Freedom House Reports: Free Press is Weakened in the Balkans, Backsliding in Azerbaijan

Only one in seven people in the world live in a place where coverage of politics in the media is robust and journalists can work without legal and economic problems, according to a report released by Freedom House today.

Prime Ministers Viktor Orban and Aleksandar VucicPrime Ministers Viktor Orban and Aleksandar VucicThe human rights organization said this year marked a ten-year low in media freedom around the world, which it attributed to an increase in restrictive media laws and the difficulty of access for journalists to certain areas of the world due to violence.

Human rights organization Freedom House assessed the press freedom of 199 territories and countries around the world over the last year. They evaluated journalists’ capacity to operate in each jurisdiction and studied the nature of their interactions with governments and businesses. Each country or territory is labeled free, partly free or not free.

The report called Azerbaijan a “major backslider” in media freedom after authorities raided and closed the offices of Radio Free Europe/Radio Liberty (RFE/RL) in Baku and arrested investigative journalist Khadija Ismayilova, along with nine other journalists detained before December.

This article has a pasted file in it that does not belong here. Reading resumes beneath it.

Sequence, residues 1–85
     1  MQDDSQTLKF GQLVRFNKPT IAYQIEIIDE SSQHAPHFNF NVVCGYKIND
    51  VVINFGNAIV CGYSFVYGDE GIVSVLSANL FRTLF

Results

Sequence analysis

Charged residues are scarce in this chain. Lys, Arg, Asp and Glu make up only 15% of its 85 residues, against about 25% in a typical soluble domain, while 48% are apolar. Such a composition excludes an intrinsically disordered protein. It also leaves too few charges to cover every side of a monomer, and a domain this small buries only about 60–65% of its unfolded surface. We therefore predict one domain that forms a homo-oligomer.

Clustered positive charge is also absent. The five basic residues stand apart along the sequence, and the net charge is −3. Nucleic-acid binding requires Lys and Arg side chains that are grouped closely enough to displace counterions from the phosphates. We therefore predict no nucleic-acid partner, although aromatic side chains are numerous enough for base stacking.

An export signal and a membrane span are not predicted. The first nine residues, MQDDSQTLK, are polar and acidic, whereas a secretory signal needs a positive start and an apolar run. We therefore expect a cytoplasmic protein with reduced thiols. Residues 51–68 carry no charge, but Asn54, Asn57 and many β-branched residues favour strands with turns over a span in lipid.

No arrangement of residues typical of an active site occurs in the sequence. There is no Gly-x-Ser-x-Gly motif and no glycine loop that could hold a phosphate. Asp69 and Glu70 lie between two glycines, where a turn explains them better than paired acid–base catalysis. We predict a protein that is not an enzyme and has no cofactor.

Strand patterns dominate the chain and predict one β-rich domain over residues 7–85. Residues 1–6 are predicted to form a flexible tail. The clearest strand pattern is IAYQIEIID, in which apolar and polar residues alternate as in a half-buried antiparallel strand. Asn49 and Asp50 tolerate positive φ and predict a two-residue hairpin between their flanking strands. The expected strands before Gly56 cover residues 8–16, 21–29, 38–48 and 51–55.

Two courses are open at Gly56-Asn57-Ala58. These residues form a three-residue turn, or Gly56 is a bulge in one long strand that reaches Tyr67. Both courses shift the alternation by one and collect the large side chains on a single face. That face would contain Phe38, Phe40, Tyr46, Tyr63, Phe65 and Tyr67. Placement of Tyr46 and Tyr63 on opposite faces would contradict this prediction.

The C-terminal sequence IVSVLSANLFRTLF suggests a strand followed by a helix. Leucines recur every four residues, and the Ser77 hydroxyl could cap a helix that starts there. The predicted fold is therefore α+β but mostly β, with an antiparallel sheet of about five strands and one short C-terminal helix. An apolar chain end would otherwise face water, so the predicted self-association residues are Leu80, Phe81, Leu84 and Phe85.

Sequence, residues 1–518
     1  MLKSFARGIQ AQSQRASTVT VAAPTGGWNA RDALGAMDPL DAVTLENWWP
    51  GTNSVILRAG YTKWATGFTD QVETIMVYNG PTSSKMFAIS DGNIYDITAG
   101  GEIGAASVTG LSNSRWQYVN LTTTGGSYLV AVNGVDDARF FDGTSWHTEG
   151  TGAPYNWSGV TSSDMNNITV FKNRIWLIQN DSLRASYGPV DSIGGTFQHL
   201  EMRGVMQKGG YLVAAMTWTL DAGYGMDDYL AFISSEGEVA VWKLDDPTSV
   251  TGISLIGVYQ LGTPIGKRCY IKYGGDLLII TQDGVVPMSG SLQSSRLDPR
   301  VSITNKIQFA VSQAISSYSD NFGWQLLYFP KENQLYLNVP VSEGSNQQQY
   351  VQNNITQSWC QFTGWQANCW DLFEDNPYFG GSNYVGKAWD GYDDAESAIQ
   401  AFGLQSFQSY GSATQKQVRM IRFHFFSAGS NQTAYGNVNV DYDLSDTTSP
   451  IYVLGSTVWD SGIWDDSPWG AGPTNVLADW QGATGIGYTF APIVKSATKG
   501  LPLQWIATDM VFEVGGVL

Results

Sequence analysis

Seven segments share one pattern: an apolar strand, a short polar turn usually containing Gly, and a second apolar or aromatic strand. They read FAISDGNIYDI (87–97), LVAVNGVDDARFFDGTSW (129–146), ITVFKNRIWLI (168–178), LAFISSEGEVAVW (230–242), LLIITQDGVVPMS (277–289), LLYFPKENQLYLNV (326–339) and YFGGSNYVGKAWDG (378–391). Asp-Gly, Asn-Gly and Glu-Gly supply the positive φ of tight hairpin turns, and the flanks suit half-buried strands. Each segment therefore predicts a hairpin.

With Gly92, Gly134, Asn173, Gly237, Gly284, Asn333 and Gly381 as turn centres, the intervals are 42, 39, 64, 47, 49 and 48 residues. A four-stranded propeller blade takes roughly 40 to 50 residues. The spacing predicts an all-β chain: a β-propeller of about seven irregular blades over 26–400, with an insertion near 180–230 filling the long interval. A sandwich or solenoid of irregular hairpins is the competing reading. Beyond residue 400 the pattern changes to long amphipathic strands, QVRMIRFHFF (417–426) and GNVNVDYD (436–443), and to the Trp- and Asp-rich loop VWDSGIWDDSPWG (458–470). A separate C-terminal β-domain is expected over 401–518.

It also remarks on a five-year trend of reduced press freedom in both Hungary and Serbia. Prime Minister Viktor Orban of Hungary was criticized for placing increased pressure and influence on media outlets, while a worsening press atmosphere in Serbia was characterized as part of a wider deterioration in freedoms in the Western Balkans.

The report cites the Serbian government’s response to a report by the Balkan Investigative Reporting Network Serbia, an independent media organization, which discussed a € 15 million (US$ 17 million) contract for the dewatering of a coal mine in Tamnava. Prime Minister Vucic called the journalists liars and claimed the European Union had funded the organization in a plot to unseat him.

Russia also comes under fire in the study for “suppressing independent reporting and deploying state-controlled outlets to attack domestic dissent and foreign adversaries,” particularly with regard to one-sided coverage of the conflict in Ukraine over the past year. Following the annexation of Crimea in early 2014, Freedom House reports that it was brought under Russian Press laws, which introduced increased media restrictions and incidents of the harassment of journalists.

In Ukraine, meanwhile, five journalists were killed amid conflict in the east of the country and in clashes between protesters and police in February 2014.

The report concluded that access to information is a “central pillar of any free society”, and must be urgently addressed.